HABC Celebrates the End of a Longstanding Lawsuit
Settlement agreement will continue to increase housing choices for vulnerable families
(Baltimore, MD – September 4, 2012) After extensive negotiations, a settlement agreement was reached to resolve the Thompson v. HUD lawsuit. This settlement ends nearly two decades of litigation and court-ordered restrictions. The Housing Authority of Baltimore City (HABC) and the City of Baltimore worked cooperatively with both the United States Department of Housing and Urban Development (HUD) and the Plaintiffs to bring about a favorable resolution. A major facet of the settlement is that HABC’s nationally recognized Special Mobility Housing Choice Program (the “Special Mobility Program”), launched under the 1996 Partial Consent Decree (PCD) entered in Thompson, will continue to serve thousands of families, providing them with additional housing options. Over the years, this program has successfully assisted more than 1,800 families who have voluntarily chosen to move from areas of concentrated poverty in Baltimore City to communities of opportunity in Baltimore City and neighboring counties.
"After nearly two decades, Baltimore is now able to move forward, put this lawsuit behind us, and work with HUD to increase fair housing opportunities for low-income families," said Mayor Stephanie Rawlings-Blake. "I want to thank HABC and HUD for working with the plaintiffs to reach a fair and honest settlement that will have a significant, positive impact on the Baltimore region's ability to promote fair housing and provide new opportunities for families."
The lawsuit originated in 1995 when current and former African-American residents of Baltimore City public housing filed a class action complaint against HUD, Baltimore City and HABC. The Plaintiffs alleged that the Defendants violated the Constitution of the United States, the Fair Housing Act and various civil rights statutes by racially segregating public housing and discriminating on the basis of race.
A portion of the Thompson case was resolved through the PCD in 1996. Under the PCD, HABC successfully demolished and redeveloped several high-rise family developments. The outcome of this massive effort includes Pleasant View Gardens, Towns of the Terraces, Heritage Crossing, Broadway Overlook and Albemarle Square. All, but one of these developments, combine public housing, market rate rentals and home ownership. Because these redeveloped sites contained fewer public housing units, the PCD also provided for the creation of public housing units in a number of privately owned and managed developments and the Special Mobility Program.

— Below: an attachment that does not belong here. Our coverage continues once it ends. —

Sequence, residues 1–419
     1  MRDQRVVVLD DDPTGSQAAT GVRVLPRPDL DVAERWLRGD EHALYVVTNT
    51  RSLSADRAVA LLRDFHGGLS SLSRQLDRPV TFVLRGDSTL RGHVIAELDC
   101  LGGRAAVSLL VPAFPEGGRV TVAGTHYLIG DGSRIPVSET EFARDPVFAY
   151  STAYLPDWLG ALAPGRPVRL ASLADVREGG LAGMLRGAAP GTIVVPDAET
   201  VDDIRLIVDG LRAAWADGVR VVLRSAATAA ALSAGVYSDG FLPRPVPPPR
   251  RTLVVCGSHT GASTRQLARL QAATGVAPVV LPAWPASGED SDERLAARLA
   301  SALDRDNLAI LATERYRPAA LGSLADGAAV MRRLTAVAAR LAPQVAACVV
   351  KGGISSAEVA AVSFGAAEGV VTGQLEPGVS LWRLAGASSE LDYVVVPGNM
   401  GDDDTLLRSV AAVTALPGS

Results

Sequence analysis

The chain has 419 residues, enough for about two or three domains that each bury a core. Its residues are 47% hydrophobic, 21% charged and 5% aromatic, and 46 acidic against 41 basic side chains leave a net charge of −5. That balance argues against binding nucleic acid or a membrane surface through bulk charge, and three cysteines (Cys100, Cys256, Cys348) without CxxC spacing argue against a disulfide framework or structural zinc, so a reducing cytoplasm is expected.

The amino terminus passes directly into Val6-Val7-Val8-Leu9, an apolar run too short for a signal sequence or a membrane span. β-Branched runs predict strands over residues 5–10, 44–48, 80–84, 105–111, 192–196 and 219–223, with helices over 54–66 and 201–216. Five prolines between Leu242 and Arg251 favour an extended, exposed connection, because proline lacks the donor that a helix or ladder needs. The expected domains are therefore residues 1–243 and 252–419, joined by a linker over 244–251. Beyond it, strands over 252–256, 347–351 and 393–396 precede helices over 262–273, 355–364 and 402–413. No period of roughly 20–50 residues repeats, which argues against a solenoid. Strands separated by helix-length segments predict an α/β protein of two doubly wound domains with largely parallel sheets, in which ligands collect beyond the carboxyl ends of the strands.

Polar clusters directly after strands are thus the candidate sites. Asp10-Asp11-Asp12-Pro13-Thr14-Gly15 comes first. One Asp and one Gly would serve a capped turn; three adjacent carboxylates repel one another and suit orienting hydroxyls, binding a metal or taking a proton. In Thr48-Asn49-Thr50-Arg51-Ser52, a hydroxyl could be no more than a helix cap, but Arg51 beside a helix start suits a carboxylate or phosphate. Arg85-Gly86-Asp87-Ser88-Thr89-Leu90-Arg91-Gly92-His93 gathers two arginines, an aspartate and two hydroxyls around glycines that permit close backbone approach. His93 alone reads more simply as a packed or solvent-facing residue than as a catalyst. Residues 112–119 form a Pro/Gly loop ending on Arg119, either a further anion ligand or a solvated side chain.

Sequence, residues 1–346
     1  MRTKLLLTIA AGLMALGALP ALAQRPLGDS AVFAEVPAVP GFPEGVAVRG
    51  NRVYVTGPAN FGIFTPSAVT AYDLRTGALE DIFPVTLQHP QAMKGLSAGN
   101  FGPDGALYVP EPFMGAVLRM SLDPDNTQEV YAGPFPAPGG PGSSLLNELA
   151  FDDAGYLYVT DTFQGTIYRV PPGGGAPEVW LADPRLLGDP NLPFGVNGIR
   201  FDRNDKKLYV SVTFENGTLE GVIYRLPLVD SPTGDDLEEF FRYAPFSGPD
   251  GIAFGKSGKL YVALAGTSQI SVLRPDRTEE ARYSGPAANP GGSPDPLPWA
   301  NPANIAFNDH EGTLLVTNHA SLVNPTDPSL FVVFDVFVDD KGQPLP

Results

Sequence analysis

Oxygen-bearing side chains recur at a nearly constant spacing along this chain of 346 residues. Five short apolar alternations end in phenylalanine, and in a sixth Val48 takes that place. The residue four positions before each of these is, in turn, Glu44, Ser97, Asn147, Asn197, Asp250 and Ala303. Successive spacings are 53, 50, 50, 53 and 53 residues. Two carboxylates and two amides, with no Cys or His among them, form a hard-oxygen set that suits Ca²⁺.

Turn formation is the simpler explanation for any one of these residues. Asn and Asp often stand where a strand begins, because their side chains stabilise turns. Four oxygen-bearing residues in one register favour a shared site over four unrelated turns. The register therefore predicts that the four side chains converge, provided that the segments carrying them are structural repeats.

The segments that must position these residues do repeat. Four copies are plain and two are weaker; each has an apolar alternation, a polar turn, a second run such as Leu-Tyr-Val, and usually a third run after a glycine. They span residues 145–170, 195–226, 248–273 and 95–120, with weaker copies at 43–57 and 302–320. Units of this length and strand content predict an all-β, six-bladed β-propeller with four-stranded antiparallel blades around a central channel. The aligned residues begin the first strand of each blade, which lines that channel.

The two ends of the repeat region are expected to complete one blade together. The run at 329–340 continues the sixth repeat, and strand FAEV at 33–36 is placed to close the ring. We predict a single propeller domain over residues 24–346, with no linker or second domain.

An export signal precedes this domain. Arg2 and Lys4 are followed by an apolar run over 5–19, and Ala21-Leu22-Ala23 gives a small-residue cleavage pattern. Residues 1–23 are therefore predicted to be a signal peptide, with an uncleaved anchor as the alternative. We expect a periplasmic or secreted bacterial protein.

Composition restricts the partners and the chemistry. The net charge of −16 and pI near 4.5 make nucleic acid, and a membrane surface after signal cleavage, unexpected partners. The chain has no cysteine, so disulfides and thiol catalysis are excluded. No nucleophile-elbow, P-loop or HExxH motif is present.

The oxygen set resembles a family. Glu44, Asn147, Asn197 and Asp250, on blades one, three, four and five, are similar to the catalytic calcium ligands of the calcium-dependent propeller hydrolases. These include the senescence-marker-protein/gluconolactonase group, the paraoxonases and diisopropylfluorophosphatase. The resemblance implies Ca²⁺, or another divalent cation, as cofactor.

The continued Special Mobility Program under the settlement agreement will fund vouchers for up to 2,600 additional families over seven years, as well as provide high-quality mobility counseling to help them find housing options, prepare them for their moves, and provide ongoing support after they have moved. Other key components of the settlement agreement include offering incentives to developers for affordable housing development, developing an online housing locator, sponsoring a regional opportunity study and conducting Civil Rights reviews.
“HABC and the Rawlings-Blake Administration are deeply committed to fair housing and we are pleased that the issues resolved through the settlement of Thompson will increase choices for vulnerable families including building upon the success of the mobility program,” said HABC Executive Director Paul T. Graziano.
In January 2005, the U.S. District Court ruled that neither Baltimore City nor HABC were liable for the violations alleged by the Plaintiffs. As the following quote from the Court opinion indicates, it was reasonable for the City and HABC to focus its housing development efforts within Baltimore City due to jurisdictional limitations and limited resources. “The Court disagrees with Plaintiffs’ suggestions that Local Defendants should have directed their efforts beyond Baltimore City. The Court finds Local Defendants’ reasons for focusing their efforts primarily within the City, as opposed to considering options throughout the Baltimore MSA, understandable and reasonable. On balance, these policies were based upon choices made (in recent years by officials answerable to an African-American majority within the City) to use limited resources for the maximum benefit for all of the citizens of Baltimore City. The City government had no realistic options whereby it might have devoted its public revenues on projects outside of its jurisdiction by virtue of financial and political realities. It is perfectly obvious that, as a practical matter, Local Defendants did not have the ability to affect regionalization that Federal Defendants had.”
Even though the Court made a finding of no liability against the City and HABC, both are committed to providing fair housing choice, as evidenced by their significant roles in bringing about this settlement agreement.